It’s a dreary late Sunday afternoon in Adelaide and I find myself slouched on the sofa watching ‘Sex and the City’ on dvd. (My daughter had left the disc in the player and I was too lazy to hunt for anything else.) I may as well have been watching the antics of an alien culture for all the sense it made to me. Do women really think and act like that? But it wasn’t just the women, at one point a montage of men aired their views on women, and I was equally baffled. Maybe I just lead a sheltered social life. Maybe I’m just expecting too much that ‘Sex and the City’ should even slightly resemble reality. Should I be viewing the show with the same suspended disbelief usually reserved for ‘The X Files’ or ‘Buffy the Vampire Slayer’?
I’ve never picked up a woman on the street, at the gym, or even in a bar. I’m actually even afraid to smile at a strange woman lest she should scream or call for the police. And the concept of a ‘one night stand’ is as mysterious to me as spontaneous human combustion or the workings of a microwave oven. It’s hard enough to meet anyone with whom you develop any rapport, let alone someone with whom you are happy to romp naked upon first meeting. Yet ‘Sex and the City’ would have me believe that sex is available at the drop of a hat (well maybe not a hat, but at the drop of something).
But maybe there is something wrong with me. Maybe I should be dating a different woman every weekend. Maybe I should be seeking sex in elevators and nightclub lavatories, with beautiful aerobics instructors, models and artists. After all, I haven’t always been so timid. I was once slightly adventurous when it came to such matters. But never once did a woman respond to me like Carrie does to Mr Big (or countless other men) when he slips her a flirtatious smile or remark. (That may have something to do with the fact that I don’t have a chauffeured limo, wear expensive clothes or smoke cigars, but I might be wrong.)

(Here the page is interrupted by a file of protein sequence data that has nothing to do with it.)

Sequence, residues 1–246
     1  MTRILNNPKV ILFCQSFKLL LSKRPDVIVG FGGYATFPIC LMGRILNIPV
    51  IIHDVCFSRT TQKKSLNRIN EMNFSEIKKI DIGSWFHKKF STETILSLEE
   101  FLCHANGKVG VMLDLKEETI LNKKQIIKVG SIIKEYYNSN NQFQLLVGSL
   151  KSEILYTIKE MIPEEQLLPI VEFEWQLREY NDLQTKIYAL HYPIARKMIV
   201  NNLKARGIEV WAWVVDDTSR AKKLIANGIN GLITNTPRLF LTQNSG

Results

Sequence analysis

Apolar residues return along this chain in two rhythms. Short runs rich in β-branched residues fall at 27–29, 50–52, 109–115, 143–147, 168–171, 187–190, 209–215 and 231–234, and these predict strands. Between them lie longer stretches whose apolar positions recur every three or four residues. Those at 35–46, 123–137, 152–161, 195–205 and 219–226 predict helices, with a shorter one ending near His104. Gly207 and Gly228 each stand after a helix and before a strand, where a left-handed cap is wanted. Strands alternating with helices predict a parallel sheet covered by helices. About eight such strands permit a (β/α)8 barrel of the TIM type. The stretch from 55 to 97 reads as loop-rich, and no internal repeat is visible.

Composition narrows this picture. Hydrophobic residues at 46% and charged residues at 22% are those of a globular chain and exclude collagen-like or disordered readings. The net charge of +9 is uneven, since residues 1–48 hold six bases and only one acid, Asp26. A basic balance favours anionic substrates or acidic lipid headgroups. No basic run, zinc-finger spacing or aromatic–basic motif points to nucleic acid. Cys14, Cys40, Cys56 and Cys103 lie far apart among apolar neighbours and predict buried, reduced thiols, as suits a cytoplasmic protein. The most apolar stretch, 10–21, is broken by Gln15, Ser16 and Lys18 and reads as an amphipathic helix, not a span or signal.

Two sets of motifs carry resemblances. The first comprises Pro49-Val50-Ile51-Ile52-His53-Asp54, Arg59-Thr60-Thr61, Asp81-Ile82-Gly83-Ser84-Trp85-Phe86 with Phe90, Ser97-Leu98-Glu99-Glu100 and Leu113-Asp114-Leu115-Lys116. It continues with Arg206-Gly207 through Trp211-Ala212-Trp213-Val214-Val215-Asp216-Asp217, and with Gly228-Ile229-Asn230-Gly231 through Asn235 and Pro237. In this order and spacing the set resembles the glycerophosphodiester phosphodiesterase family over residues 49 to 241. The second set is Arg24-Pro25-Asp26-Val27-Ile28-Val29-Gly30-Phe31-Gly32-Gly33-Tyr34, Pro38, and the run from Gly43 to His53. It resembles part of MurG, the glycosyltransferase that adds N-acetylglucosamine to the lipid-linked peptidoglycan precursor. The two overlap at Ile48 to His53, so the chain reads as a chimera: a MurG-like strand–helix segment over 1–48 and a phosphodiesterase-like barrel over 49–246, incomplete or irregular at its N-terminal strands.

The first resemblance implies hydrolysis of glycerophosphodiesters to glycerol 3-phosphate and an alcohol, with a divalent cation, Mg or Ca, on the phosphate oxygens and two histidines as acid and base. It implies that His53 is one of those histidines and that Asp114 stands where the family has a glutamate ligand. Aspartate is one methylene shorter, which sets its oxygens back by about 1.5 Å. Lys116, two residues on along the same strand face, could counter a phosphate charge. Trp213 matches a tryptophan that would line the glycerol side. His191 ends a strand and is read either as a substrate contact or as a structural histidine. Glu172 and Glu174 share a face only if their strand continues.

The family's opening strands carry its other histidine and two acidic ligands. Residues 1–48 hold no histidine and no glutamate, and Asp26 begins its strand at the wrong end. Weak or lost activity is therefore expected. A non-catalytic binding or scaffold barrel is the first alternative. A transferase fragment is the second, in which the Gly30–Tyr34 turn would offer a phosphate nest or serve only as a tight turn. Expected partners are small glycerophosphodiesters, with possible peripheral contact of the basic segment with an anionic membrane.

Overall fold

An attractive woman did once smile at me in the supermarket. In fact, she came back and passed me again with the same grin. Later, I saw her working in a nearby shop and asked if she wanted to meet for a coffee during her break. “I don’t have a break,” she answered, a look of terror on her face. “What, today?” I queried. “No, never,” she replied. I took that as a rejection of sorts.
Another time I told a woman I’d seen every day on the bus for six months that she always looked stunning. She went red, said “thanks”, but never caught the bus again. Did I say something wrong? Does the word ‘stunning’ have an alternate meaning that I’m not aware of? Such a scene in ‘Sex and the City’ would be the prelude to a passionate affair.
What we really need is a series called ‘Sex and the Suburbs’, where average-looking people go about their average lives, not eating at expensive restaurants, buying expensive shoes, and not having sex with a different beautiful person every night.
It might make for dull television, but it would make me feel a little better.